How to know that it is the right time to focus on your body?
The answer is, “When your body starts showing signs of any illness, especially the one that you would never expect.” The lack of awareness of what is going on in their bodies has become one of the problems that busy people face. Having a lot to do with their intelligence and knowledge, they seldom focus on their body. As a result, the body starts showcasing signs of being infected with viruses and struggling to fight the illness that it has long had. One of them is Human papillomavirus (HPV) and genital warts it causes.
HPV should be held responsible for one of the most common sexually transmitted diseases with the same name. People, who lead an active sexual life, become prone to it at some point in their life. According to the Centers for Disease Control and Prevention (CDC), HPV is a widespread virus; however, only 1 out of 10 infected people showcase any symptoms or have genital warts (small growths, also known as venereal warts, or condylomata acuminata). The others usually never know that they are infected until they find these warts around the genitals or anus. They are sexually transmitted, meaning that any type of sexual contact – genital, anal or oral, can lead to the development of this condition. This even means that a mother can infect the baby when giving birth.
Symptoms and Localization
First and foremost, if you don’t have any symptoms, it doesn’t guarantee that you are not infected. On the other hand, you may have genital warts accompanied by no symptoms. In most cases, these warts appear in a variety of shapes and sizes. There can be only one wart, or it could have already formed a cluster by the time you discover it. They can be rough or smooth, flat or raised. Usually, the common symptoms of having warts come from warts themselves. They can itch, burn, hurt or bleed, cause redness and discomfort. Women can find these warts situated near or on their vulva, the internal surface of the vagina, the anus, and the cervix. For men, it is typical to have these warts around or on the penis, scrotum, anus, thigh, and groin.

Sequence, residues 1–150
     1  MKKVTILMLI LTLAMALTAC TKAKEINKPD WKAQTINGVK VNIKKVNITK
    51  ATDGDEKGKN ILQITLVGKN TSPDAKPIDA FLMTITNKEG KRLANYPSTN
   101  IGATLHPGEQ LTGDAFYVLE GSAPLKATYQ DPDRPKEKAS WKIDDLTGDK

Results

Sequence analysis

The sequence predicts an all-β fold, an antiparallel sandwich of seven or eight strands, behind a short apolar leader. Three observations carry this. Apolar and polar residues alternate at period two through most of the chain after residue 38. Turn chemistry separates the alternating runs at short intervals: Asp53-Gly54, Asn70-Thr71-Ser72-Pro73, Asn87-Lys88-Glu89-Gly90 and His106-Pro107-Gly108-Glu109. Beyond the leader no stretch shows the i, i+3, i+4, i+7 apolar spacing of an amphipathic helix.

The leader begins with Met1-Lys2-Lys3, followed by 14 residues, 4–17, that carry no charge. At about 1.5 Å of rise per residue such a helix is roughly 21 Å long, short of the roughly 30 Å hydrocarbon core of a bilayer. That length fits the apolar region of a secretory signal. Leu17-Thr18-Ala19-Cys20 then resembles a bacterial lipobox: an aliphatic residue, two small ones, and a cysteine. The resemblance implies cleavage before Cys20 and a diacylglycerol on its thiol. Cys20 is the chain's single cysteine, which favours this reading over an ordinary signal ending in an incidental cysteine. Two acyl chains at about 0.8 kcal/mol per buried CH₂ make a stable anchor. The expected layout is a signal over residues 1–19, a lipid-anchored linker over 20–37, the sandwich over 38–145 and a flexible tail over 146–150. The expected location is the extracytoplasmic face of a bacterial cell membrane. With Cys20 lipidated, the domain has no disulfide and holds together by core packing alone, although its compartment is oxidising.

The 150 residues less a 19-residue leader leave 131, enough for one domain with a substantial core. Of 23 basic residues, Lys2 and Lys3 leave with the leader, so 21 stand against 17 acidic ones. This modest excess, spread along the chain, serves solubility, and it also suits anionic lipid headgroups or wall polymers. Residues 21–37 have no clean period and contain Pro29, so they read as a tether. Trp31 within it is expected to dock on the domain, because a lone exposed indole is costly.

As you may have already guessed, the key to preventing genital warts or getting the HPV can be found in two things. The first one is getting regular STI screenings as no one, and even the doctors, can diagnose HPV if the person has no symptoms. The second thing to keep in mind is to use barrier protection, condoms, for instance. Unfortunately, they can eliminate the risk of transmission, but not completely. This means that regular check-ups, especially before you begin a new relationship, are vital.
Sometimes warts may go away themselves; nevertheless, removing them has certain benefits. It can help you smooth the pain, understand the type of warts and remove them before HPV causes cancer. (Note that people with HPV usually do not develop cancer; however, they are included in the group of increased risk). Modern healthcare offers a handful of options to get rid of warts. You need to visit a dermatologist before opting for a specific type of treatment, as over-the-counter drugs can do you a disservice.
For genital warts removal, the dermatologist usually suggests the following options:
- Cryosurgery, when the warts are frozen by applying liquid nitrogen to the infected area.
- Electrocautery, when the warts are removed by directing an electric current after putting some local anesthetic.
- Surgical removal, the surgeon removes warts herself after putting some local anesthetic.
- Laser treatment, when warts are destroyed with intensive laser light.
Taking care of your health requires a holistic approach. It is not only about what’s obvious; sometimes serious health issues can live in silence for years and show up when your body is exhausted. To prevent this from happening, make sure to have regular check-ups to tailor your care to your body needs and address any issues as soon as you notice them.